The Karate for Life Foundation has its roots in the Bushenyi Primary Teachers’ College Karate Club founded by Peace Corps Volunteer Eric Parsons in November 2004 as part of his volunteer service in Uganda. Initially, Eric founded the club simply to provide the college students with a fun and unique extracurricular activity to which they would otherwise not have access. However, after attending a Peace Corps training course on life skills development education and its usefulness in combating the HIV/AIDS pandemic currently facing Uganda and most of sub-Saharan Africa, Eric and his wife, Sarah, realized how well the two projects (martial arts training and life skills education) could work together. Thus, in March of 2006, the Bushenyi Life and Activities Skills Team (BLAST) was formed.
Obtaining PEPFAR (President Bush’s Emergency Plan For AIDS Relief) grant funding through the Peace Corps Uganda Office, the BLAST project initiated a series of workshops aimed at training selected college students to be HIV/AIDS life skills ambassadors and peer educators. Included in this group were the karate club’s senior students. Overall, the final goal of this project was, and remains, to develop a dedicated group of Ugandan youth and young adults who are dually trained as both fully-certified martial arts instructors as well as life skills peer educators. These students can then use martial arts as a method to introduce other youth to the Ugandan life skills curriculum, a curriculum that is actively reinforced by the martial arts training. By founding karate/life skills programs of their own in their communities, they will create a naturally occurring cascade effect that will help ensure the spread of the linked life skills and karate curriculum throughout Southwestern Uganda and, perhaps, throughout the entire nation.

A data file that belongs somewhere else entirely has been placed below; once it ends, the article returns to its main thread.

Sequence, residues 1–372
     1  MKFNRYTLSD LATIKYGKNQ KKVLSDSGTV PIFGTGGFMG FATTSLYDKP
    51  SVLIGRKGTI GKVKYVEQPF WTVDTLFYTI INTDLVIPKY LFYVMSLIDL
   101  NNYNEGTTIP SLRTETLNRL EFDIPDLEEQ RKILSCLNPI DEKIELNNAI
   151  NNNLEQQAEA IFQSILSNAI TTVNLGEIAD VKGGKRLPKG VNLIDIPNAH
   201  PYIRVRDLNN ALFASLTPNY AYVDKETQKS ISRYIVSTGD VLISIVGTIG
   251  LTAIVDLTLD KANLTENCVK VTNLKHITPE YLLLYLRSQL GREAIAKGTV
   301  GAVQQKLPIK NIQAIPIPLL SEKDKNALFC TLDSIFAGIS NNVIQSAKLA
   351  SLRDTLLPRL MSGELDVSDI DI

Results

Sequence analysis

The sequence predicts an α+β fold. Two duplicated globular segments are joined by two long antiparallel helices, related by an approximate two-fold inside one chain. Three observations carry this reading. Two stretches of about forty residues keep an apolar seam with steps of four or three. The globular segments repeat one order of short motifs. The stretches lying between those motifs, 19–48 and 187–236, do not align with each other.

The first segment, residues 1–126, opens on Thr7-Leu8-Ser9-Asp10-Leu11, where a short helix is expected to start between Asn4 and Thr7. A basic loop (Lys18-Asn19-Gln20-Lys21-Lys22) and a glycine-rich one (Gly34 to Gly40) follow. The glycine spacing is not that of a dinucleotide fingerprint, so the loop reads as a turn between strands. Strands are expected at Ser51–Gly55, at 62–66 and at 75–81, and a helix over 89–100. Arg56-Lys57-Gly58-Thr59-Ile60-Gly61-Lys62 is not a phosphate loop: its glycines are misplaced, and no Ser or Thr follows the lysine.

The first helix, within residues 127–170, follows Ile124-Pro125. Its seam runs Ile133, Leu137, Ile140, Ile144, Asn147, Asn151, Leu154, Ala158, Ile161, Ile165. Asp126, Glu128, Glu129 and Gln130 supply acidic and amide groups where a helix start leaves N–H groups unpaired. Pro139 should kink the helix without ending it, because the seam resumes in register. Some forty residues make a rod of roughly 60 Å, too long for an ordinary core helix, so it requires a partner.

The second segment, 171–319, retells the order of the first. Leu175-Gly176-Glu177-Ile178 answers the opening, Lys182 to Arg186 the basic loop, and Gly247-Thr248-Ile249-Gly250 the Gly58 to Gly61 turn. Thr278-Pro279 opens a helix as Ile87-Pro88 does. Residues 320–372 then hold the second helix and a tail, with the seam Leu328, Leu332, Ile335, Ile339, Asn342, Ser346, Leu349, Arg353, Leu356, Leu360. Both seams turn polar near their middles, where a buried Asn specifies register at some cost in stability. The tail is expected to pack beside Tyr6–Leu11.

As fate would have it, however, Sarah became unexpectedly pregnant in May 2006, necessitating her departure from Uganda. Due to this event, the couple had to leave the country before Eric’s top students had reached a high enough ranking to be fully certified as karate instructors. Hence, after arriving in the US, Eric worked with his wife to found the Karate for Life Foundation. The goal of this project is to support the Ugandan students in any way possible and to continue their development as martial artists and peer role models so that this worthwhile project can continue.
Towards this end, the Karate for Life Foundation is currently raising funds with the goal of helping Felex Forward and Julius Bahati, the group’s senior students, found a local primary school and dojo. Not only will this venture help provide financial stability for Felex and Bahati, but it will also form the home base from which the two can expand the foundation’s educational and life skills development goals.